I employ traditional methods to construct stained glass panels.
All the glass is cut by hand and the panel assembled using a matrix of lead came and solder. The panel is brushed to remove excess flux and to clean the lead from any residue of grease. After this, the panel is cemented using a special stained glass cement.
This is applied and brushed into the lead came on both sides of the panel. This process weatherproofs and helps give the panel a degree of rigidity. The panel is then dusted with whiting to draw out the oil from the cement allowing it to dry. Once dry, the excess cement is removed and the completed panel is then ready for cleaning.
The integral strength of any given stained glass panel is very important. The method to ensure strength and robustness varies on the overall size and location of the panel.
The traditional method to secure and impart support and strength is by the means of saddle bars. These are bars situated on the outside of the panel and positioned either horizontally, or vertically.
The panel is then secured to the saddle bar by means of copper ties.
Although saddle bars are quite visible it is possible, in most cases, to design the panel and to set the saddle bars so that they are not so obtrusive.
In some cases, depending on certain factors, steels can be incorporated into the lead came during assembly. This provides extra support and strength and as the steels are fitted into the lead came, they are not visible.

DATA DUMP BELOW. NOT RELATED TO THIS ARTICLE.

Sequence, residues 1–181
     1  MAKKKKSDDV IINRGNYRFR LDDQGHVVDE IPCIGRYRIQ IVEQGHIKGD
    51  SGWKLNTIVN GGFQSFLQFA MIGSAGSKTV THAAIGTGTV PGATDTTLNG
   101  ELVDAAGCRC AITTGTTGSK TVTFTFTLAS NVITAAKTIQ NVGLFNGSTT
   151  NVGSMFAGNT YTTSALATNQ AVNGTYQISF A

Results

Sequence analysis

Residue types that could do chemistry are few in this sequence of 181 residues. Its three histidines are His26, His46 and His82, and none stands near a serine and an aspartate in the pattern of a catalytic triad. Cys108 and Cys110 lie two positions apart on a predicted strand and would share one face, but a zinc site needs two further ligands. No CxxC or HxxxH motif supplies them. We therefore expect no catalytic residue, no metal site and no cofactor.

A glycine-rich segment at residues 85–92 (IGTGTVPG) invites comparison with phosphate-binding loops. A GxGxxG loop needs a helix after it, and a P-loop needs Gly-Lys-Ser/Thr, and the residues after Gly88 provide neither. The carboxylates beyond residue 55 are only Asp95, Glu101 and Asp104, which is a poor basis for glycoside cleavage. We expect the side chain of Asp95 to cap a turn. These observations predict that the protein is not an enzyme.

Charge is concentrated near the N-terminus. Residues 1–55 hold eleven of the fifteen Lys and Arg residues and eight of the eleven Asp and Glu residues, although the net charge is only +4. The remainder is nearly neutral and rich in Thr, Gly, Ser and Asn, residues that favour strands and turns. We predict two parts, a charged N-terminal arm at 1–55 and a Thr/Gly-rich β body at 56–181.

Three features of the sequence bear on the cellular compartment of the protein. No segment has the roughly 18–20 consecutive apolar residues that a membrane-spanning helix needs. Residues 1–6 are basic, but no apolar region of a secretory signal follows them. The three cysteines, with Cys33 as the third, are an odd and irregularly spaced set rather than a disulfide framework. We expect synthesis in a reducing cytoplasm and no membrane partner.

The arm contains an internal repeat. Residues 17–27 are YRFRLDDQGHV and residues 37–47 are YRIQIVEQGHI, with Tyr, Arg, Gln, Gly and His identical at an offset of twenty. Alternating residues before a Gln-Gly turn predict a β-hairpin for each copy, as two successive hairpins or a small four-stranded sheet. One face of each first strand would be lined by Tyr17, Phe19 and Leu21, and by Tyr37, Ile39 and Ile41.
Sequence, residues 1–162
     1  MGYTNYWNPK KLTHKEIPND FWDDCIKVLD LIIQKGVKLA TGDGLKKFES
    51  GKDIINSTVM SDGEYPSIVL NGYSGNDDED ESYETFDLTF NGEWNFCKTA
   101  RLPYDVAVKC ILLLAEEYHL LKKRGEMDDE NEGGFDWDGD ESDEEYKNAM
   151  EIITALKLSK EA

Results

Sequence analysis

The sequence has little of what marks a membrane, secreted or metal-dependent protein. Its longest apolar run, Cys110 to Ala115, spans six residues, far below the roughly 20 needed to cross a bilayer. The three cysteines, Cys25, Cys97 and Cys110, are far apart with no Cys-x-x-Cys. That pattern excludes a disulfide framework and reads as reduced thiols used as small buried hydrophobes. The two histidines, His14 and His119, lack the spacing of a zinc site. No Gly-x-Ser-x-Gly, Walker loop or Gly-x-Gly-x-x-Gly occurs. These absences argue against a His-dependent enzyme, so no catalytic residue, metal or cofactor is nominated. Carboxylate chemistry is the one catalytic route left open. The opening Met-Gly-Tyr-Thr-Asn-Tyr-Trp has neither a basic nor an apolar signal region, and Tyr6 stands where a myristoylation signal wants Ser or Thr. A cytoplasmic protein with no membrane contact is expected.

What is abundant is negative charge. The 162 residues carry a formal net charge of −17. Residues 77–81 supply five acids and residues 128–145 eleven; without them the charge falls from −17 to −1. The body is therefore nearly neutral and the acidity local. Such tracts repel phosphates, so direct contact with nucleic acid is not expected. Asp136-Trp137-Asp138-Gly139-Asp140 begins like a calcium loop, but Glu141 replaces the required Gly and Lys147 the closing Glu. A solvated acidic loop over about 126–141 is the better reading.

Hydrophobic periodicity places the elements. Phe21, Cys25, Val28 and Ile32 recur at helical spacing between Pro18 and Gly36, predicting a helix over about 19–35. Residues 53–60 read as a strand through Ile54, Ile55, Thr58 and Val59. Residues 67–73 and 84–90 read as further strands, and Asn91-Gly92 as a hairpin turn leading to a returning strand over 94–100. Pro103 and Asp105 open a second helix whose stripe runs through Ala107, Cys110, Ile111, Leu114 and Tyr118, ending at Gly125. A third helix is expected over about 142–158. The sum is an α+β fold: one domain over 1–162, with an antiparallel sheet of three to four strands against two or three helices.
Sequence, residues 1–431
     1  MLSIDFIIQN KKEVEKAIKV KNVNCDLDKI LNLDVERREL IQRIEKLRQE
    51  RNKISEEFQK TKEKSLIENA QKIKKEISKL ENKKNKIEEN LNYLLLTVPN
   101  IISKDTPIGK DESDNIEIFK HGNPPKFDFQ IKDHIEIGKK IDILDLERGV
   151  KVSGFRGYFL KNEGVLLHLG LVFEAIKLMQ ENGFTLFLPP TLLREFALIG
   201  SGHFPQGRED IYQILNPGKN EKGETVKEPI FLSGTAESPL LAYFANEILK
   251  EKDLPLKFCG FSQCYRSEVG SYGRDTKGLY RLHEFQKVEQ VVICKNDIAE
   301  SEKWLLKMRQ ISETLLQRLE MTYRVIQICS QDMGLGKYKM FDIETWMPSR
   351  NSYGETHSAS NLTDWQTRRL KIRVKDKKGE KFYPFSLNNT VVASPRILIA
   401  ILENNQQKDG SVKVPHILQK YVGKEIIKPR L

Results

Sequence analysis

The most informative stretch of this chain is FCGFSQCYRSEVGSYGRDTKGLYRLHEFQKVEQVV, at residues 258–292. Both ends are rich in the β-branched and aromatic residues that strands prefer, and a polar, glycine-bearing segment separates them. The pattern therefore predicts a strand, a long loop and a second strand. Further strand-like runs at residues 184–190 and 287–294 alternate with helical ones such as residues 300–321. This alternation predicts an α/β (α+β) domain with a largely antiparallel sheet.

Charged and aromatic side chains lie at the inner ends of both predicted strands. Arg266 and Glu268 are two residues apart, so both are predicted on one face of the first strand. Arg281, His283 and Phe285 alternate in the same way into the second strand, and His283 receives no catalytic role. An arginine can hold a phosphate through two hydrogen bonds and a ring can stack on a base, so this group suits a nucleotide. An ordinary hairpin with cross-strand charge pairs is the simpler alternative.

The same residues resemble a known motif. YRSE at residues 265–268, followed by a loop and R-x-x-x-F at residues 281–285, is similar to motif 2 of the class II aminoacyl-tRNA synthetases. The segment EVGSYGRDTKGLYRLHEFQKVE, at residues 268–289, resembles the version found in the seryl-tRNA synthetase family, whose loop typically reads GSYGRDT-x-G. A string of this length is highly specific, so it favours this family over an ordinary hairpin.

Repairs to stained glass panels are determined by a number of factors, namely, the severity of damage to the glass and the condition of the lead came.
In some cases it is possible to carry out repairs with the panel in situ, however, if the panel needs to be removed for repair the frame is temporarily glazed, or boarded with osb board.
Any broken, or damaged glass is matched as closely as possible and replaced. On occasion, if the glass is old, or of particular interest, I will lead along the break to preserve the integrity of the panel.
On removal, the procedure of repair maybe a partial rebuild of the damaged section, replacing lead came with new, re-soldering any broken lead joins and matching and replacing damaged glass.
In some cases, if the lead is old and perished, the entire panel may require to be rebuilt and re-leaded with matching new lead came. This is a perfectly standard procedure and ensures the preservation of the panel for many years to come.
If this is the recommended approach, the panel is carefully removed from the door, or window frame and the frame boarded up, or glazed for the duration of work.
The frame is measured and an accurate tracing, or rubbing is made of the panel. The tracing is then numbered and the corresponding piece of glass numbered, so each piece fits precisely back into its original position.
The panel is re-assembled precisely as detailed above and during this procedure the glass is cleaned and polished.
Get in Touch
You are very welcome to come and visit me in my workshop in Firle, though it is usually best to call and make an appointment first.